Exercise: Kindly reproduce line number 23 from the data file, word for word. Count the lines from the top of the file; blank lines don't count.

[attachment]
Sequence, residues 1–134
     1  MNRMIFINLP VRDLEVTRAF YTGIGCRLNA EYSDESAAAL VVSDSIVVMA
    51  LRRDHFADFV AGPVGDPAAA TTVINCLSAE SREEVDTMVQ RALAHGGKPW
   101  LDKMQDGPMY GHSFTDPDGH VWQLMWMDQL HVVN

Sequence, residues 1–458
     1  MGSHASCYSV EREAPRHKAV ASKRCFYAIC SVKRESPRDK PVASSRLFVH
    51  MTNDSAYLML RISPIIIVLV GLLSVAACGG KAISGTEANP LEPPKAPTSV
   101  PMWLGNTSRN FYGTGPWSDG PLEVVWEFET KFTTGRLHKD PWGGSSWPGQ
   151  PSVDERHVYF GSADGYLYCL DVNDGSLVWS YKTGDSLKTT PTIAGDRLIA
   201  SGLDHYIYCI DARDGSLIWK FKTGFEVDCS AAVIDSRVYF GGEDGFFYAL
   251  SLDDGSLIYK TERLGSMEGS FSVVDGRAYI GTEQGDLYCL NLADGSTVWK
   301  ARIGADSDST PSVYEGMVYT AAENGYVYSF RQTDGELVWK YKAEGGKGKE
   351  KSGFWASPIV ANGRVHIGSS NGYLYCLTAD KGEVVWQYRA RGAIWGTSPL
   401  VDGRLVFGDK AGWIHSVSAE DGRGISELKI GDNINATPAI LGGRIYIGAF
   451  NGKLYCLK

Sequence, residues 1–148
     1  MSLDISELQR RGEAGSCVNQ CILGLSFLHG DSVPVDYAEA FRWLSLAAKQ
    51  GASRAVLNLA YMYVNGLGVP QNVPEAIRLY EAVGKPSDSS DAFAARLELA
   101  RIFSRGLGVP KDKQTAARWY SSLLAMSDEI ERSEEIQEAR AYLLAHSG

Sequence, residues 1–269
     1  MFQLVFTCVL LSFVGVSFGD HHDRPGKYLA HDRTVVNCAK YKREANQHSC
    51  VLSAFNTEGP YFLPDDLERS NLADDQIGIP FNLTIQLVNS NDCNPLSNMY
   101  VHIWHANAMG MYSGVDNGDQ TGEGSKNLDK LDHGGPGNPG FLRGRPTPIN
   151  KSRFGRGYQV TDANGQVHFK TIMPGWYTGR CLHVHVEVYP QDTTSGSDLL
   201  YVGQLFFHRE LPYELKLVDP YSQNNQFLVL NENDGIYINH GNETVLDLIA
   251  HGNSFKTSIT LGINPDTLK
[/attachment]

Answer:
   101  VHIWHANAMG MYSGVDNGDQ TGEGSKNLDK LDHGGPGNPG FLRGRPTPIN